US Visa Ban Came To Us As A Rude Shock, Ngige Tells US Ambassador

Channels Television  
Updated February 19, 2020


The Minister of Labour and Employment, Dr Chris Ngige, has said that the US travel ban on Nigeria came as a rude shock to the country.

The minister, who spoke during the visit of the United States Ambassador to Nigeria, Mary Leonard, to his office, stressed that owing to the impact Nigerian professionals have on the US economy, it was unfair to add the country on the list.

Earlier in February, the US President, Donald Trump imposed an immigration visa ban on Nigeria and five other countries including Eritrea, Myanmar, Kyrgyzstan, Sudan and Tanzania

Dr Ngige asked the US ambassador to convey the mood of Nigerians to President Trump and state that the ban is punitive.

“The issue of Nigerian professionals who migrate to the United States to better their skills; it came to us in this Ministry as a rude shock when the US government ban Nigeria and put us in the list of those countries whose immigrant status were cancelled.

“I want you to convey it home that the ban is punitive,” he added.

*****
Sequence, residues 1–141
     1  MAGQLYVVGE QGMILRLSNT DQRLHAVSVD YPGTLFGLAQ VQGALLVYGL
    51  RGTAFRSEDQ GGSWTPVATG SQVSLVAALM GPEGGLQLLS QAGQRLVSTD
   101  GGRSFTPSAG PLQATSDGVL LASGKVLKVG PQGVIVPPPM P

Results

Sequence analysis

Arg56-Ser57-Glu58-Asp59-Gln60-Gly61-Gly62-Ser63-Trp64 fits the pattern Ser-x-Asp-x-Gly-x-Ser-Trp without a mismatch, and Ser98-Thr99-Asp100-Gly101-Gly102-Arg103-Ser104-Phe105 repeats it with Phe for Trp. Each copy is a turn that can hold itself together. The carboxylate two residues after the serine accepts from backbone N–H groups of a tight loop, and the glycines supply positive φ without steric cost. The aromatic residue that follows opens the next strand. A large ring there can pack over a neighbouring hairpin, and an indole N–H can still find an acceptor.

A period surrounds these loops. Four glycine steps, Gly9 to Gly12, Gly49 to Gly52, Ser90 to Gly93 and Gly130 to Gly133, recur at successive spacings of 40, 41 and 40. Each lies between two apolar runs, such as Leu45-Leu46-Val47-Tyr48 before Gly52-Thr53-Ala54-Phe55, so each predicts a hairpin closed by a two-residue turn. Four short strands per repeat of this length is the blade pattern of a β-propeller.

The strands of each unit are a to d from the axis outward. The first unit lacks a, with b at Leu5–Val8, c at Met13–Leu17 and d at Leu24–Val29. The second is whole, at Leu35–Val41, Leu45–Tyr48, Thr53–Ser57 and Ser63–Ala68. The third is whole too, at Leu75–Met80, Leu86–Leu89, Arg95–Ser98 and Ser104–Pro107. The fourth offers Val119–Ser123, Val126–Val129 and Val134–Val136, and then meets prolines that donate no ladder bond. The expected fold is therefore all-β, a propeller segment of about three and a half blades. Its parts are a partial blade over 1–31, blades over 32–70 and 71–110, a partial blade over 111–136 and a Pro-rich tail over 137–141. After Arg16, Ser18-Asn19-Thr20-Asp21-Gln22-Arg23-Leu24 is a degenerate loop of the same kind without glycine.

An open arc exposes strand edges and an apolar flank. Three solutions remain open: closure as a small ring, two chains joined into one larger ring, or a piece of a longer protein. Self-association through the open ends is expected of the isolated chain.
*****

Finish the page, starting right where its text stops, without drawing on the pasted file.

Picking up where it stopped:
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While responding Ambassador Leonard clarified that the visa ban does not affect people who currently reside in the US, stating that the ban is due to problems of information sharing if addressed, can be reviewed.

“The immigrant visa ban has no effect on people who currently residents in the US; Secretary Pompeo said that it is temporary and it’s about problems with information sharing which are resolvable and we look forward to Nigeria in a very short while, being able to meet those information sharing so the decision can be reviewed.”

She urged the Minister to find mechanisms to harness the abundant entrepreneurial skills in Nigeria’s informal sector and capture it into the formal sector.

“For Nigeria, your portfolio has such an incredible interest for the prosperity and diversification of the economy and Nigerians are so well-known at home and abroad for their industriousness and you hear of how much that activities happen in the informal sector and I wonder how you capture the entrepreneurial spirit into the formal sector.”

Dr Ngige informed that there are already mechanisms in place to upgrade all the skills acquisition centres nationwide so that more skills can be exported to the US and other European countries.

“We are trying to make Nigerians have their skills so that we can export those skills, so that when they go out, they will not be illegal migrants; whether they are carpenters, tailors or welders. We have skills acquisition centres, and we are upgrading all of them so that when they come out, the certificates that come out from our schools will be generally accepted.

“There are those we train here, and they want to go to US and sharpen their skills more,” he added.